International Consequences of Democracy: Peace and Cooperation?
Will the spread of democracy mean the end of war? Can we look forward to a more peaceful world focused on cooperation toward mutual gain instead of conflict and violence? This chapter examines the consequences for international relations of the spread of democracy. Democracy is again treated as the independent variable; the aim is to discover its effects on relations between states and on the nature of the international system.
The scholarly debate contains widely diverging views. One school of thought expects profoundly positive consequences from the spread of democracy; another completely rejects the importance of democracy for international relations. We shall see that these seemingly contrasting views are not entirely incompatible, but first the main arguments in the theoretical debate must be presented.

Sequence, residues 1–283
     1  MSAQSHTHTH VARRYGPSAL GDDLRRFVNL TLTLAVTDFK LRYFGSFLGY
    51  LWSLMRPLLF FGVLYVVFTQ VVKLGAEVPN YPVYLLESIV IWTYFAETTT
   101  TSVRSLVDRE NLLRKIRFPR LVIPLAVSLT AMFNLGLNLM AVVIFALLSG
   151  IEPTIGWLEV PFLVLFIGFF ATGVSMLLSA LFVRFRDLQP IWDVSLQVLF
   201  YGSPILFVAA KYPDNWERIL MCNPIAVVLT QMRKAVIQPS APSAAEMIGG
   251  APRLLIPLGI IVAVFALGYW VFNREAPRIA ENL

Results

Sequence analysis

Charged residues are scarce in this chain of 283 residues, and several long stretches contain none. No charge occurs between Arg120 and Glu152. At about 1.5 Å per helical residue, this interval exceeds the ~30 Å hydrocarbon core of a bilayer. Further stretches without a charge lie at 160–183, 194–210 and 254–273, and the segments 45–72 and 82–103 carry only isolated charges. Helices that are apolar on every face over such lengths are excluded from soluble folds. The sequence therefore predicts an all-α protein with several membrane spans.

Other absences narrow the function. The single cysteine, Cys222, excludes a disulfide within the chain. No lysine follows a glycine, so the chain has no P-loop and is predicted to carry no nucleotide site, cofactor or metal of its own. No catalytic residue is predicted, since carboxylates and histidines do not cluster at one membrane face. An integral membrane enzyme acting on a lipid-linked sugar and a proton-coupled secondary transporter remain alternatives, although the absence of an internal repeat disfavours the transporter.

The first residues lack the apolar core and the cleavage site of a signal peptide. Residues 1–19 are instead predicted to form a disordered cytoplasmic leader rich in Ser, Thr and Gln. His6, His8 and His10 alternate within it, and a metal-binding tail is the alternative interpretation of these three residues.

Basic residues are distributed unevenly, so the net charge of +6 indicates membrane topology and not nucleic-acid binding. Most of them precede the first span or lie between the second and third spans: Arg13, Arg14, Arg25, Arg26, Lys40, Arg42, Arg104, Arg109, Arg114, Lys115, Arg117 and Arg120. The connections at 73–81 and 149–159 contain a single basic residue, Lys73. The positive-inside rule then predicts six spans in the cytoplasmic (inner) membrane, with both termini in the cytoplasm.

The argument that democracy is an important force for peace has as its most forceful advocate the German philosopher Immanuel Kant. In his essay "Perpetual Peace," which was published in 1795, Kant developed his argument in several stages.1 First, he pointed to a natural tendency for states to organize in the form of liberal republics because that system of rule bestows legitimacy on the political leaders and promotes popular support for the state, making it well suited to face foreign threats. In other words, states not organized as liberal republics will tend to be unsuccessful.
A "liberal republic" corresponds roughly to what is called a political democracy in this book. Thus, the establishment of democracies in the